- Two-thirds of Americans have had a personal experience with adoption, whether they know someone who was adopted, have adopted a child, or have placed a child for adoption2
- Approximately 7% of the American population is adopted3
- Four in 10 Americans have considered adopting a child4
- In a recent survey, 78% of respondents held the opinion that the U.S. should do more to promote and encourage adoption5
- The cost of a domestic infant adoption in the U.S. can range from $7,000 to $40,000.
- P. Placek, “National Adoption Data Assembled by the National Council For Adoption,” Adoption Factbook V, 2011
- National Adoption Survey, 2002
- National Adoption Information Clearinghouse, 2004
- Dave Thomas Foundation for Adoption, 2010
- Dave Thomas Foundation for Adoption, 2010
The first focus of an adoption is to ensure that a child has a safe, loving family to call his or her own. In domestic infant adoption, expectant parents make an adoption plan for their child and parental rights of a child are transferred to adoptive parents. A basic outline of what the process looks like for expectant and adoptive parents is provided below.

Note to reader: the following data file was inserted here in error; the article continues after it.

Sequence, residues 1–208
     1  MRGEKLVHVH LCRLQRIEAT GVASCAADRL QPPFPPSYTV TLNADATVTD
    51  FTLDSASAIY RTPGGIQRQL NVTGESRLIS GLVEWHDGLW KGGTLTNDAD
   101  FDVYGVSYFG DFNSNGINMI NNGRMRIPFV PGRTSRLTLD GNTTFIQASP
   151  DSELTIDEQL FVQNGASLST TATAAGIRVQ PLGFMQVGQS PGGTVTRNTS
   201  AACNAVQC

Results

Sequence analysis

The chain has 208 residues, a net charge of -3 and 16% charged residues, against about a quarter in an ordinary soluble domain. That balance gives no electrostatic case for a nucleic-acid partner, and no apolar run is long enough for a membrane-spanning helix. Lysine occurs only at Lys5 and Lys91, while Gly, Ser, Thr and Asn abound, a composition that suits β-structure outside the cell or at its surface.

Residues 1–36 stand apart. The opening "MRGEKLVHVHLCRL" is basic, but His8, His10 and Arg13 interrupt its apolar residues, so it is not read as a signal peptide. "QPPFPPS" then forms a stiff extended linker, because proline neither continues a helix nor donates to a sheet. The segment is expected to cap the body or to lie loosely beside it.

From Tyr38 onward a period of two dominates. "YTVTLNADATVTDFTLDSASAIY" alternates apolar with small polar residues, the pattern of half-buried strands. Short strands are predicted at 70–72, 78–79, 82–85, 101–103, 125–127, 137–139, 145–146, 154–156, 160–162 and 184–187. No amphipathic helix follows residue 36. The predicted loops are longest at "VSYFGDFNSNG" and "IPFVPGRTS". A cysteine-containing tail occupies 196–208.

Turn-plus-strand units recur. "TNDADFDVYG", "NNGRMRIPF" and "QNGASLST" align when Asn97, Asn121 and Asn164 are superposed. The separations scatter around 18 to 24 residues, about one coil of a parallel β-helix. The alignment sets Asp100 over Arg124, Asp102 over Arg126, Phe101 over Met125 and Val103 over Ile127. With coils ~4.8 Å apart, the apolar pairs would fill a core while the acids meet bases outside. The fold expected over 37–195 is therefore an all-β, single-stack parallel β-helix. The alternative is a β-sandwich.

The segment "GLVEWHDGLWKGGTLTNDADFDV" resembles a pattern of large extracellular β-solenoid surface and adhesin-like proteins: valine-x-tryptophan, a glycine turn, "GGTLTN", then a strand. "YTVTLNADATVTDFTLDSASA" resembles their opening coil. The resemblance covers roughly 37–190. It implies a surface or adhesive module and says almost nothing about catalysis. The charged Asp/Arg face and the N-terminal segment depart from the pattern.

Expectant Parents/Birth Parents
- Options counseling: Information should be provided to expectant parents about all pregnancy options, including adoption. Resources about adoption, including referral information for local adoption professionals, should be readily available.
- Referral: An adoption agency, social worker, or attorney who specializes in adoption can give you more information about the adoption process and provide counseling to help expectant parents consider whether an adoption plan is the best option for them.
- Making an adoption plan: Expectant parents should think about the type of adoption they would prefer, and receive counseling and information to help them decide what degree of openness they would like in their adoption, the traits they want their child’s adoptive parent(s) to possess, and details about their birth and hospital experience.
- Choosing adoptive parents: In an open adoption, expectant parents considering adoption will view profiles of qualified adoptive parents and can ask to talk with them on the phone or meet in person. In confidential adoptions, expectant parents can ask their agency to choose a qualified family based on their preferences.
- Birth: The mother gives birth, and the child is generally placed in the care of the adoptive family upon leaving the hospital. Sometimes a mother might request additional time with her child after her hospital stay is completed.